A Forest For Noci


I don't know how many of you have been following Noci since the beginning. but I can tell you, the Noci I am at today is radically different from the Noci we started with.  

I haven't written many blog post lately.  But I plan on starting up again and sticking to it this time.  I also plan on starting a Youtube channel all about what we are doing at Noci.  I will keep you posted as that project warms up.  A youtube channel has been brewing in my head for years now. 

Today I am focused on our trees.  Yes, we finally have trees. Maybe you have noticed if you have driven by Noci lately.  I start this post by looking at all my old photos on my computer.  All 78,000 of them. As I scrolled looking for the early pictures of Noci, before it was Noci, I was stunned. Time has just gone by without me really noticing. We started this project way back in March of 2014. Over four years ago. Before we had a daughter before my son was a drum master and before I ever thought I could wear a beard.

In the winter of 2014, I drove into a beautiful empty field of weeds, flowers, and wild blackberries. As I sat there on the tailgate of my Landrover discovery (a silver blue color), I couldn't have imagined what we were about to take on. My head was full of dreamy farm ideas.  I had spent the last 10 years reading gardening books, watching Youtube videos of permaculture gurus, market farmers and of course my favorite, Monty Don from the BBC Gardeners World. 

My imagination ran wild with gardening and farm ideas.  I would get sheep, pigs, ducks, chickens and of course a tractor.  We would create a modern version of an organic permaculture farm!  We would design our house, our barns, maybe a pond.  We would have fields of greens, corn, pumpkins and more.

What I didn't really think about at the time was that there were absolutely no trees on the property.   It was a vast open field.  The only trees that did exist were way in the back of the property near the creek. Just a thin sliver of land. There were only a few trees back there, two Black Walnuts, clumps of Acacia's, Willows, Oaks, and a few Elderberry trees hanging off the edge. But nothing out in the vast stretch of land which made up 90% of the property.  For 1800 feet, there was nothing.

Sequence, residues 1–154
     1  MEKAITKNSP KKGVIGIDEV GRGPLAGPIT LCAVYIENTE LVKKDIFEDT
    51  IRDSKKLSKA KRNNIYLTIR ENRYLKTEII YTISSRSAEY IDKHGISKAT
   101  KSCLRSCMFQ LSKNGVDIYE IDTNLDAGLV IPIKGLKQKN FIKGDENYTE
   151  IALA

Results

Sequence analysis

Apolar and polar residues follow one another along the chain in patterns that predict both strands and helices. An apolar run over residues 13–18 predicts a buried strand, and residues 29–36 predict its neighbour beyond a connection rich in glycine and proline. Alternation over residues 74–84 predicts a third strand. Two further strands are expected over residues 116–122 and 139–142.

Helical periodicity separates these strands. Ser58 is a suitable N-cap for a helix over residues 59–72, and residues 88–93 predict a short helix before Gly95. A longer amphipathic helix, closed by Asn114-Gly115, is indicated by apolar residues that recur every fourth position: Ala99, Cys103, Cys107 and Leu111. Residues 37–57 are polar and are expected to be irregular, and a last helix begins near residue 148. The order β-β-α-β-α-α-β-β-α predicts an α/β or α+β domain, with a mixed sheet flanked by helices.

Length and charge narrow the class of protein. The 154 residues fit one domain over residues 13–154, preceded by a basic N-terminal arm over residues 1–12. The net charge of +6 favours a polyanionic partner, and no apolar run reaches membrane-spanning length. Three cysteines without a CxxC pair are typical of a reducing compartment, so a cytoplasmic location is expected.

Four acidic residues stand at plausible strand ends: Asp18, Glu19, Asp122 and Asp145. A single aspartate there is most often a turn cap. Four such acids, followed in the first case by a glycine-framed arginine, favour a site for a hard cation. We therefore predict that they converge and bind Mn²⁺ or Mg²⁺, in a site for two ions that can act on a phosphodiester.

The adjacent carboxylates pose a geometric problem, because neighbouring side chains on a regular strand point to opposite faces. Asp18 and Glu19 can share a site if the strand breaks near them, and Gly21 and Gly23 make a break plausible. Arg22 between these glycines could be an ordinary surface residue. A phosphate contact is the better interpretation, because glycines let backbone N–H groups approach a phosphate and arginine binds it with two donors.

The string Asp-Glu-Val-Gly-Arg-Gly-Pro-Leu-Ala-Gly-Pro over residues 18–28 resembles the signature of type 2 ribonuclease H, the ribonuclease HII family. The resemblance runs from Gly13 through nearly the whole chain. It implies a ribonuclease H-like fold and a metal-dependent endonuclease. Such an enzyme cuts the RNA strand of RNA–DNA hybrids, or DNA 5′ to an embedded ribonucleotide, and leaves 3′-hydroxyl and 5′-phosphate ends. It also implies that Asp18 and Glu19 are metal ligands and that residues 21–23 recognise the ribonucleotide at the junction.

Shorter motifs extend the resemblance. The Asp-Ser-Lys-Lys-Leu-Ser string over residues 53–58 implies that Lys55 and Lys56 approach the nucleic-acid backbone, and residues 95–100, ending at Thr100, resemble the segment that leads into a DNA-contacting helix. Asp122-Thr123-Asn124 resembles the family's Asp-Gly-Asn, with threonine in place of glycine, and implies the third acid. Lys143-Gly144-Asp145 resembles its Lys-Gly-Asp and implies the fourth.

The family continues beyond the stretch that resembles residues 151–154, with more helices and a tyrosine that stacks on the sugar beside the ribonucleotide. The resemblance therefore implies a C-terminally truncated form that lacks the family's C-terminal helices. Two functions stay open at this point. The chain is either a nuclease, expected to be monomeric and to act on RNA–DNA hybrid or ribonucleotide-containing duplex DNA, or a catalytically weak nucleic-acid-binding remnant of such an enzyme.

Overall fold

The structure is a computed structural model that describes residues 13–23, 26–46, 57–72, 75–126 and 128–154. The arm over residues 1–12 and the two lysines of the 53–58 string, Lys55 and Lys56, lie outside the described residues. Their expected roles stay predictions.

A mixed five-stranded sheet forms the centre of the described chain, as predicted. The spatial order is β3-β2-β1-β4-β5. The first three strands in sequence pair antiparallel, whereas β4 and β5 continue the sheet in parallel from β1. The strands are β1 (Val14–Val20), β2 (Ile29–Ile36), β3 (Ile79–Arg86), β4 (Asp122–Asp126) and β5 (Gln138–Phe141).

A blank field we will someday turn into Noci.  What we didn't see was all the metal buried underground. 

Weeds and wild Blackberrys

Some of the metal piles above ground.

A treeless field for a commercial farm or vineyard is precisely what you want. You would be excited about that unobstructed blazing sun shining across your plants, nothing to shade them out, nothing for them to compete with, they would be the masters of the field.  Plants love the sun. 

Humans are a different story.  We may think we love the sun just as much as the plants do, ask Lindsay Lohan, but the sun doesn't love us.  It wants to age us, wrinkle us,  give us cancer and then kills us.  The sun is out to get us! Ask Donatella Versace.

You don't dare go out in the middle of the day without a ten different types of sunblock on.  I mean in the summer out here it can get unbearably hot. We have many days over 100!  Tomorrow the weather is saying it will be 105 and we are in mid-July 2018.

If your walking the gardens in the heat of the day, it can be a real challenge, trust me, I know, I spent the last four years out here, while I turn into a wrinkled up raisin. I have a red neck the same shade as a baboons ass. My hair went from brown to grey, and my nose is starting to bubble.

Do I wear sunscreen? Yes, loads of it.  I apply 50 SPF sunscreen so thick, I look like I am wearing a racially insensitive white face from those 1930 black and white films. 

I am sure it is no surprise, but we needed to start thinking about getting some shade trees.  The search finally began this past winter.  Our budget was tight. Well, our budget was gone, let us be honest. We had spent the bulk of our cash on irrigation, edible plants, blueberry bushes,  architects, engineers, permits and 900 fruit trees, which I drove to Oregon to get.